Highlights July 2018

Preparing for Kindergarten

One day in my own kindergarten class, we made butter. That was our learning experience for the day. Times have changed dramatically.

Much of this change is the result of a standards reform in our K-12 education system that began as long ago as the 1980s but that our students are experiencing more acutely today. This reform was largely born from the annual yearly progress requirements laid out by the federal mandates in the No Child Left Behind Act of 2001.  Under these mandates, districts had to state and measure their students’ progress against learning objectives.

So, what does all this have to do with kindergarten?

Essentially, this reform resulted in greater pressure on the younger grades to prepare students for the required standardized tests in the higher grades. Many of the standards previously met in the first and second grade have been pushed to kindergarten. Kindergarten has become much more academic than ever before. Specifically, students previously used kindergarten to learn and develop number and letter literacy. With first and second grade standards being implemented earlier, teachers have to plan as if their students are entering their kindergarten classrooms with these skills already developed. The truth is that many students have not developed those skills, and some students begin their formal learning lives feeling behind.

This is especially notable because it leaves less time for kindergarten teachers to develop their students’ social and emotional skills. This is why so many kindergarten teachers are such strong proponents of full-day kindergarten. Teachers want ample time for learning experiences that teach students to work in a group, be self-sufficient, act as their own advocate, problem solve, make friends and manage all the new personalities of their classmates. At age five, many still struggle with simply standing in line.

The good news is that many kids are thriving with the higher standards, and there is much we can do to prepare our kids and ourselves as parents to set our kindergarteners up for successs.

  1. Take every opportunity to embed appropriate academic skills into their lives. Count the stairs they climb to go to bed. Make letters in their bubble baths. Instead of providing electronics while waiting for dinner in restaurants, pack crayons and paper to practice their fine motor skills.
  2. Help your child develop their social and emotional skills. Work with them on not interrupting.  Make them wait. This sounds simple, but we as parents have been addressing their every need instantly for the first years of their lives. Make them do things for themselves like clean up their own dishes after dinner and get their own towel ready for bath time.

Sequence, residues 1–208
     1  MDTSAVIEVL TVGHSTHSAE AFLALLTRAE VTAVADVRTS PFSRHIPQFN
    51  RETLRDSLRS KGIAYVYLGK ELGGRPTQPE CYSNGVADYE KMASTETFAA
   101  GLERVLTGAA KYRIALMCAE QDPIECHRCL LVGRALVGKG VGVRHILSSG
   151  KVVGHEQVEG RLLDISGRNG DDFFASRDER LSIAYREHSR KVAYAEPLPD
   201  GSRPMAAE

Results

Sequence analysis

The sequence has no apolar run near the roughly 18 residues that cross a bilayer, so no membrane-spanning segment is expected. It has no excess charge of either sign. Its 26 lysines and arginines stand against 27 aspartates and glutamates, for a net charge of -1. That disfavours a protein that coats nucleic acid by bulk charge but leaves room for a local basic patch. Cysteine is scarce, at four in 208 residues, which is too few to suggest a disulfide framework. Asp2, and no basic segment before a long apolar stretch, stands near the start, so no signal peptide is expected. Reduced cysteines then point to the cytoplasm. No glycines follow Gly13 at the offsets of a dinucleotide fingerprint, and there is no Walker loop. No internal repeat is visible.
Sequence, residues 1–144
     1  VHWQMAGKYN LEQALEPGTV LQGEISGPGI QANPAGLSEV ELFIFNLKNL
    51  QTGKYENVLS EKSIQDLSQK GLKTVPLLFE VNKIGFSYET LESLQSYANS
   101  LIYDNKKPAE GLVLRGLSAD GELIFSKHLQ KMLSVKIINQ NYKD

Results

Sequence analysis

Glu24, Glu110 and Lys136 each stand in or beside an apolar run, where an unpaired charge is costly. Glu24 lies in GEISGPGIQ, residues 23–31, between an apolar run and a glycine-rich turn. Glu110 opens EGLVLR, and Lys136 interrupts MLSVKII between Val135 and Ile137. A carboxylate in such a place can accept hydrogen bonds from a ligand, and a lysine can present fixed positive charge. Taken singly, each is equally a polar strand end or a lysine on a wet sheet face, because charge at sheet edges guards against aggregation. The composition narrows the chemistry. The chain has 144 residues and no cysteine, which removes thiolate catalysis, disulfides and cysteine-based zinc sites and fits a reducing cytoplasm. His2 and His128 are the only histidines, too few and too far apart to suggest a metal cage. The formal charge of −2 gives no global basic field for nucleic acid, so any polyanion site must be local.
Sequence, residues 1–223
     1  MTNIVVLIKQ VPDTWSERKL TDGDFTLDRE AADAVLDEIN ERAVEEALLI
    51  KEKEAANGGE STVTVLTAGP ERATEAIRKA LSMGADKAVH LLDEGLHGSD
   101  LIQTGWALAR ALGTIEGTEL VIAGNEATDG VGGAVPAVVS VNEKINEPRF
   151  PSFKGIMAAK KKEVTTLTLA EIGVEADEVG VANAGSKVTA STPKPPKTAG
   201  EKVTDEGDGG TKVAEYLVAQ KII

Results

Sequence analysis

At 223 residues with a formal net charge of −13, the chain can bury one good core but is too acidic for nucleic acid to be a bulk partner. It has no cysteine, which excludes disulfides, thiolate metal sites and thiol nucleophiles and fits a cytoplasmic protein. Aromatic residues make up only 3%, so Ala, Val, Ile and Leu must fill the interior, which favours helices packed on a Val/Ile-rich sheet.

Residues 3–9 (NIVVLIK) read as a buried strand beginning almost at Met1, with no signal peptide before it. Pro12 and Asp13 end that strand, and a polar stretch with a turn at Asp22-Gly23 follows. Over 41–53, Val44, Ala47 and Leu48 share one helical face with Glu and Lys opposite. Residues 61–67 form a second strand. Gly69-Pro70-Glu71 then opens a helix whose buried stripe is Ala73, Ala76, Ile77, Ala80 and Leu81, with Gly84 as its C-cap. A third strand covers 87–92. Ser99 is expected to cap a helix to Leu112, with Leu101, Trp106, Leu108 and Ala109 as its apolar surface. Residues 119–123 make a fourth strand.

3. Read to them, and with them, constantly.Early literacy that begins in the home is the single best way to prepare your child for school. Find the books they love. Share the books you loved at their age. Find a book store and hang out.
  4. Enroll in a preschool that fits your child. Do your best to block out the noise of others. Your instinct is best.
  5. Share your excitement about learningand being curious.Let your child see that you still love to learn. Talk often about your fond memories of school.

Expect your child to thrive and do well.  Kindergarten is still a place of joy, wonder and excitement.

Written by: Dr. Pamela Roggeman, Academic Dean, University of Phoenix College of Education

Pamela Roggeman

Dr. Pamela Roggeman is a proven academic leader familiar with and passionate about technology in progressive education and has extensive experience designing curriculum and preparing teachers in a university setting. Roggeman currently serves as the Academic Dean for the College of Education at University of Phoenix. Roggeman currently serves on the National Advisory Board for Spark 101, a member of the 114th Partnership focusing on STEM education and the ETS NOTE Educator Prep Advisory Council. Previously she worked as a program coordinator and clinical instructor and led secondary education programs for the graduate and the undergraduate colleges at Arizona State University. She also served more than 17 years as a secondary education teacher and was named an Arizona Educational Foundation Teacher of the Year Ambassador of Excellence. She earned both her Bachelor of Arts in Education and Master of Arts in Education Psychology from The University of Arizona. She achieved her Education Doctorate in Education Leadership and Innovation from Arizona State University.

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